Admittedly, all this is not cheap. But consider this: once you dump a car, gas, insurance, and maintenance, quite a bit of change frees up for a nice bike with the requisite cold-weather amenities. So of course, I convinced myself that this was the ticket.
Here is what I can tell you about my "beta version" of Winter biking. So far, I have traveled about 50 miles in relatively mild Winter conditions. Temperatures ranged between the mid-teens and the mid-twenties with light snow on the ground. I avoid darkness as much as possible. The most demanding ride yet was across the East side of town to a 9:00 a.m. appointment with my neurologist. I left in the pre-dawn dark of November and arrived after about seven miles without problems on the way. Most of the trip was on bike trail, minimizing traffic concerns. I did run across one especially cranky traffic troll on the way back home, but the ride was otherwise enjoyable and uneventful. Usually trips are significantly shorter, a two mile round trip to the store is more typical than an epic night ride. I've had one memorable fall so far, pushing too hard on a very steep and rough trail.
A few points gleaned from my experience stand out. The bike seems to steer a little differently for me in the snow. There is often a slight float which causes me to lean less in my turns. Hence I tend to steer a little wide. Going up hills requires a bit more weight shifted to the rear to enhance traction. Plowing through even light snow does slow progress, but you can still go too fast if you put your mind to it. Curb cuts can be a little tough to find under freshly scattered snow, requiring more than the usual attention when crossing streets. Frigid headwinds are even less enjoyable than normal headwinds. Always pack your pogies (thanks, Yvonne) if you aren't wearing them. One thing I learned about riding in the dark was, even with a bright headlight, it is difficult to see the drivers in their vehicles and make eye contact. All Winter riding, but especially in the dark, demands great alertness and caution.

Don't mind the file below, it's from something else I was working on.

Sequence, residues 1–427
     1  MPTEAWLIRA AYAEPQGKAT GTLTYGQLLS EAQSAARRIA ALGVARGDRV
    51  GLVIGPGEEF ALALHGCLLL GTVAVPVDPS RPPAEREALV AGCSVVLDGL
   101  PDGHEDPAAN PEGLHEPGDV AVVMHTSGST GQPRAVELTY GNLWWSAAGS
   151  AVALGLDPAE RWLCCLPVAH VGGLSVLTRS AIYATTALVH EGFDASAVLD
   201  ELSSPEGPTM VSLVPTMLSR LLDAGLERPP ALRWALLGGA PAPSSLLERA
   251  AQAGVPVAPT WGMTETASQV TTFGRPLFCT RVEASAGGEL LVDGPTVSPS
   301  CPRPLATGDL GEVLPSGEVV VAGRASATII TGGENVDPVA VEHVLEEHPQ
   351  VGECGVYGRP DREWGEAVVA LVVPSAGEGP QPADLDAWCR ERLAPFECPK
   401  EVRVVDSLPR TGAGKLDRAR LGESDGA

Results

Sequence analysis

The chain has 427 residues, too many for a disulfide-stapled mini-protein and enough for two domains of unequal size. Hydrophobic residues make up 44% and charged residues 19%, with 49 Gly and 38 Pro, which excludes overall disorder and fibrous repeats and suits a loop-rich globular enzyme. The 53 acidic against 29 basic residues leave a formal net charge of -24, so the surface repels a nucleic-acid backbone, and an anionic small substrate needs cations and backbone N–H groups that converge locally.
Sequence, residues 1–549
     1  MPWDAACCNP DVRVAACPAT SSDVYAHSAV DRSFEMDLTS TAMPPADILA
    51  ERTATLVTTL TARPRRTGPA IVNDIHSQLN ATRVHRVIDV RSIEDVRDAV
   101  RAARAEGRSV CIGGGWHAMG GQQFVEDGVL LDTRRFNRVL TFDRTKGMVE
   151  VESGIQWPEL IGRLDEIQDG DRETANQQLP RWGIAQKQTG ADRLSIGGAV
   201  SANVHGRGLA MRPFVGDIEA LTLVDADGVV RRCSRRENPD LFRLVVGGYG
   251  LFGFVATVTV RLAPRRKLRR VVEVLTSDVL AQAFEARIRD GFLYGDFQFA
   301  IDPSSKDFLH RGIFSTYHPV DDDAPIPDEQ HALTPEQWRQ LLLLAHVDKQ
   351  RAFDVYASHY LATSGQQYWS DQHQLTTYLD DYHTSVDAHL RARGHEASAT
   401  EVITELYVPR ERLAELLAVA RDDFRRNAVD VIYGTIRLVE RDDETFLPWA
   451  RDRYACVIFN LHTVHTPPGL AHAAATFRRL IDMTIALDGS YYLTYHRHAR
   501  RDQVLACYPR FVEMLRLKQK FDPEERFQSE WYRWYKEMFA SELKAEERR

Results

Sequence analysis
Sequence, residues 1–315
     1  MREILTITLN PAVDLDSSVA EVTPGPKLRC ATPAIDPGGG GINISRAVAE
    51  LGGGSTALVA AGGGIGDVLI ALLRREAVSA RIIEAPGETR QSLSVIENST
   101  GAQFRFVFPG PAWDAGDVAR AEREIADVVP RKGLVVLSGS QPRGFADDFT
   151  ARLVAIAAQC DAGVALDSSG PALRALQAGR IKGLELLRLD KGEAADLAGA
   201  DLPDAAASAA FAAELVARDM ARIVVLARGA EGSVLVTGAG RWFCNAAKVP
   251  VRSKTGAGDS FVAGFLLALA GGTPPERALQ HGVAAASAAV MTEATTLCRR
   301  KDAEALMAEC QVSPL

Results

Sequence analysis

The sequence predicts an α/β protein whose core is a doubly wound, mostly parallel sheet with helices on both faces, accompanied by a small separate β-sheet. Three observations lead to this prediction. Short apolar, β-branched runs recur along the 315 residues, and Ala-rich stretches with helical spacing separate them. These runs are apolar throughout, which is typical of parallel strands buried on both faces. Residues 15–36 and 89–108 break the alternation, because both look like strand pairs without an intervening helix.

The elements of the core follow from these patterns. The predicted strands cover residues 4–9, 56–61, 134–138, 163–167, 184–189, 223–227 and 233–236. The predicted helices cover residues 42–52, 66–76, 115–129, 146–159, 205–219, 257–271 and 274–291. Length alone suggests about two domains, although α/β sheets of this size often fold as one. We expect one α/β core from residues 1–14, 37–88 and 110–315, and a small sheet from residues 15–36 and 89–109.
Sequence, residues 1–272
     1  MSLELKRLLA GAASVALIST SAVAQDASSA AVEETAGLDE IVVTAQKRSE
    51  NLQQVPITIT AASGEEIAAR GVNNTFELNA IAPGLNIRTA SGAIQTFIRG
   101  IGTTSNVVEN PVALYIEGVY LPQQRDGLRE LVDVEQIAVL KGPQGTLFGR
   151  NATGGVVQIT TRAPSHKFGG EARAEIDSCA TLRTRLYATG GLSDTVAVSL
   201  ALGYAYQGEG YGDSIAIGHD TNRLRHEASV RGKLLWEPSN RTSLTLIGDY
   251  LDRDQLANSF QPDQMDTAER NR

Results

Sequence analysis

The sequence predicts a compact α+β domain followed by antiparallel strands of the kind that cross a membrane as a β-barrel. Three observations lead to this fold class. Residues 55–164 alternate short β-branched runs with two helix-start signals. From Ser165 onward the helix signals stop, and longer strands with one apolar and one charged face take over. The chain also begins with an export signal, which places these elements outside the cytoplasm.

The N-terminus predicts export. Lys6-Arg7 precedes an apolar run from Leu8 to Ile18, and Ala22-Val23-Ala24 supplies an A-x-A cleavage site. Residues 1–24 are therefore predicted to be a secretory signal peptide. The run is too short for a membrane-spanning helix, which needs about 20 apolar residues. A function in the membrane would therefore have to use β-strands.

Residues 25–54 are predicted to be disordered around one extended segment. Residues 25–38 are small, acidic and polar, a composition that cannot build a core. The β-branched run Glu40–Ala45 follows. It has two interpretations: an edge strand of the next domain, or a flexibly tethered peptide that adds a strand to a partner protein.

So far, so good. Experiencing familiar places under new conditions yields fresh impressions. The intimacy that biking brings to places in summer is the same in winter, rewarding the cyclist with glimpses of beauty and moments of connection riding in a car cuts off. It is clear to me that I can't do all my in-town winter travel by bicycle. But there is far more opportunity for winter cycling and its benefits than I suspected.